Introducing Mrs. Karabaic
As a young student, Dunja Karabaic felt that tight definitions and strict separations were not appropriate. Towards the end of her studies at the University of Fine Arts Hamburg the traditional arts market she was to enter appeared to Dunja as flat, hollow and exclusive: you either are in it, stick to its laws and rules, cooperate with an art gallery and so on… or you don’t. Back then she felt a void in that space in between those ‘choices’, as if there were no alternatives. It was ‘yes’ to the arts market or the absence of ‘yes’.
It was that same moment in 2003 where Dunja Karabaic decided to create her own alternative to that absence. So she founded her Upcycling Jewellery Label: RCYCLIA! She has been a pioneer ever since.
Do not go where the path may lead. Go instead where there is no path and leave a trail.Ralph Waldo Emerson
Topics and questions that accompanied her during her beginnings were: What is at the root of value? What is valuable and what is the total absence of value, namely trash? What is creativity? And what price tag can be attributed to it?
I have always been the ‘freak’ that deals with such topics.Dunja Karabaic
As a young artist she was fascinated by the game of turning something worth-less into something worth-more. How to re-value trash by applying her creativity to it. It was these unusual things through which she increasingly came into contact with people at exhibitions and fairs. And so she playfully explored the ambivalence between elitist denominated objects and those that are thrown into the bin.
Many hearts beating in one chest
Today, in a world that still lives by clear definitions (i.e. artist OR designer?) Dunja Karabaic assumes various professional roles. She is a designer, entrepreneur (‘bureau gruen’ and ‘labor gruen’), editor of the magazine ‘Veedelfunker’, member of the Executive Board of the association ‘dasselbe in grün’, and last but not least initiator and organizer of ökoRAUSCH Festival for Design & Sustainability.
ökoRAUSCH was born out of the desire to find other like-minded people with similar enquiries in their work and life. ökoRAUSCH is the synergy of design, diversity, art, sustainability and transformation. It is a think tank, an enabler and pool of innovative ideas, a platform for exchange and networking with peers and experts of various fields. And it has a strong message:
We want a world with a future. A world full of beauty and fun, but also one with rhyme and reason. And we are doing something about it: Sustainability is our goal and creativity will get us there!
Since 2008, ökoRAUSCH runs every year. The festival offers an exhibition area complemented with a live programme of lectures, panel discussions and artistic interventions. The audience is invited to experiment and question the status quo as well as to learn about the world of sustainable alternatives. But be aware, it also has the ability to make you become conscious of all the things that you did not know – until now! The festival sets you up with plenty of eco hacks which can be easily integrated into your daily life.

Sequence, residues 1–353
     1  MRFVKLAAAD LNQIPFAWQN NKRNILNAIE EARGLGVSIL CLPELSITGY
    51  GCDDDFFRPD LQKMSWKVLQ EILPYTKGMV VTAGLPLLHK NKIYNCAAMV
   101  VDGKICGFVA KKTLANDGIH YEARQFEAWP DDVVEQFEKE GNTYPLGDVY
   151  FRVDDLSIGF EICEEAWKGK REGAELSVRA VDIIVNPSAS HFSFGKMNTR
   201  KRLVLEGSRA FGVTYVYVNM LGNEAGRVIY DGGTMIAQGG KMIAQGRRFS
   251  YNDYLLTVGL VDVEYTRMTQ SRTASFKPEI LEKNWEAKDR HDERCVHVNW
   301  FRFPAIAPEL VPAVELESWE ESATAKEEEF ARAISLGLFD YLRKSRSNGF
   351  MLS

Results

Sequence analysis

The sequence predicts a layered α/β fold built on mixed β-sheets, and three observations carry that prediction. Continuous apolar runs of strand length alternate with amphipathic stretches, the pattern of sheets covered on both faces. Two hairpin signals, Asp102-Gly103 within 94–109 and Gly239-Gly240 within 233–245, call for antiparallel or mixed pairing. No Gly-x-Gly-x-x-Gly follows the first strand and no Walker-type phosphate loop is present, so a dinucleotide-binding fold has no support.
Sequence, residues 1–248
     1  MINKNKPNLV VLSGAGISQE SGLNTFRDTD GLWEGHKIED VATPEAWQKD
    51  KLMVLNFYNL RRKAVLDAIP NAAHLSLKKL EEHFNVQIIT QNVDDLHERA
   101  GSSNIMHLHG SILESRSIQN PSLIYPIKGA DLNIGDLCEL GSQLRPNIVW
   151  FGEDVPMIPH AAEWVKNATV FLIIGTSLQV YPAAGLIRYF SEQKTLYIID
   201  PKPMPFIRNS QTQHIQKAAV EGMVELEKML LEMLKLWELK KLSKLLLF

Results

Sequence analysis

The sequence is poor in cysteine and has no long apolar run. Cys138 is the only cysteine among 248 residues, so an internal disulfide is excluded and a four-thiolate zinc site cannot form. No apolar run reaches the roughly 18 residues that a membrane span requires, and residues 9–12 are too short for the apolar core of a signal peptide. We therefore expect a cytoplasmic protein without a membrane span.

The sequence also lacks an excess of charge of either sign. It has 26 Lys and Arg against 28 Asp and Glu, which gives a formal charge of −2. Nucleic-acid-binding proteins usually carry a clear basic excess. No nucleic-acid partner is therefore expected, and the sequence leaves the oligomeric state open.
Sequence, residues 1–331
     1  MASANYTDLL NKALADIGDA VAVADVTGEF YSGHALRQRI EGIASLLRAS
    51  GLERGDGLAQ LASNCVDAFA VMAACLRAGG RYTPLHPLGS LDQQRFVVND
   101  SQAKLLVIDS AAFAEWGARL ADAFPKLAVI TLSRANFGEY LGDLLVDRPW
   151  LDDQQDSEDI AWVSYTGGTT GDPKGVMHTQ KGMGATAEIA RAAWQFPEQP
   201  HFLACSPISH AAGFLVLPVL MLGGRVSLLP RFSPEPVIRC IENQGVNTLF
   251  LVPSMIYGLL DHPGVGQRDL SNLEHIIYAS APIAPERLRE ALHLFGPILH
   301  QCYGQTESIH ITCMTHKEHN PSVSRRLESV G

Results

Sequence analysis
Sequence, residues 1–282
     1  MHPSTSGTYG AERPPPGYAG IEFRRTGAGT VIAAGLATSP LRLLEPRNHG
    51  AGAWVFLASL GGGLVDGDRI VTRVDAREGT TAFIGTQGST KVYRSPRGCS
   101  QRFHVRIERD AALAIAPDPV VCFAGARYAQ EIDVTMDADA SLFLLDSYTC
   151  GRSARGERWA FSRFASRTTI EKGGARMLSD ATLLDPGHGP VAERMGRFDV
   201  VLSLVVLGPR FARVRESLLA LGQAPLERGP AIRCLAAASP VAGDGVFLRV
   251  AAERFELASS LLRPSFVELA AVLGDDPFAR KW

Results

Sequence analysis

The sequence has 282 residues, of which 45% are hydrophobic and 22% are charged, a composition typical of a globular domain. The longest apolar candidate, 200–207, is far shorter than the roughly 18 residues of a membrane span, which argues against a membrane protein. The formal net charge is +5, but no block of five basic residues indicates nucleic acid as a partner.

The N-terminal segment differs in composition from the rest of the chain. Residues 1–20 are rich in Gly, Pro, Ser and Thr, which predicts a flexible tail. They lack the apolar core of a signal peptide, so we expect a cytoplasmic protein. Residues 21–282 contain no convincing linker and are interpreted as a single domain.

Sustainable spill over
At the core of her professional roles, Dunja Karabaic is a visionary who is driven by a strong sense of justice and the unwavering joy which she derives from the beauty of our natural world. This keeps her motivated and practice persistence to focus on a positive worldview and communicate in opportunities rather than limitations. She describes herself as a facilitator who stimulates to think outside of the box and find creative solutions for sustainable ideas.
One of her biggest strength – and that of her team – is networking. They perceive it as fundamental to bring people together that strive for the same goal. A ‘critical mass’ which forms a community of thinkers and doers that ignites the change process in another critical mass. Create stimuli for the domino effect to unfold – into taking action.
At the moment of ignition it is important to kindly encourage people to adopt green alternatives in their daily lives. Approach the matter undogmatically rather than try to missionize someone with the famous raised index finger. Transmitting contempt or guilt of the latter would only meet rejection and resistance and simply leads to nowhere. Besides, nobody wants to join the club of narrow-minded and uptight eco hardliners. We need something more exciting than that!
Rock’n’Roll is not dead yet and also works in green.
Persistence is key
The passion for sustainability permeates several dimensions in Dunja’s life: vegetarian diet while buying seasonal and regional food, cycling instead of having a car, and only accepting clients that do match her principles and values. One crucial factor that got her through the past 17 years in the intersective field of design, art and sustainability is persistence. Persistence because the topic is hard to digest. Persistence because you would like to achieve more and to have a greater impact. Persistence and patience to confront people along the (long) way who feel attacked by what you do and go into actively searching for mistakes and imperfections; lovers of ‘whataboutism’, Dunja calls them.
Persistence which is also significant to deal with the frustration when looking at the institutional level. The finitude of our natural resources and the ongoing destructive consequences of the Anthropocene are not new facts. The knowledge has been available for years but nothing major has changed on a political level so far. No decision-maker has ever implemented concrete measures to profoundly counteract the trend.
What is worse: five years after the Paris agreement the world is far from being on track to achieve its climate related targets. And political parties in Germany still do not include tangible action steps to circumvent the total temperature to rise above 1,5°C in their programmes for the next parliamentary term. This was recently revealed in a study commissioned by German Fridays For Future activists. However, its main message is the following:
Staying below the 1.5°C limit is only possible if Germany becomes CO2 neutral by the year 2035 which is extremely demanding, but possible.FFF Germany
Design: Problem or solution?
And in the design sector? Back in time when Dunja just started in 2003, no one cared about sustainability. Within the world of product design, and particularly in the field of education, it used to be a total niche topic. This, fortunately, has changed. What used to be niche must not be missing now. But does it solve the problem or does it just wrap it differently?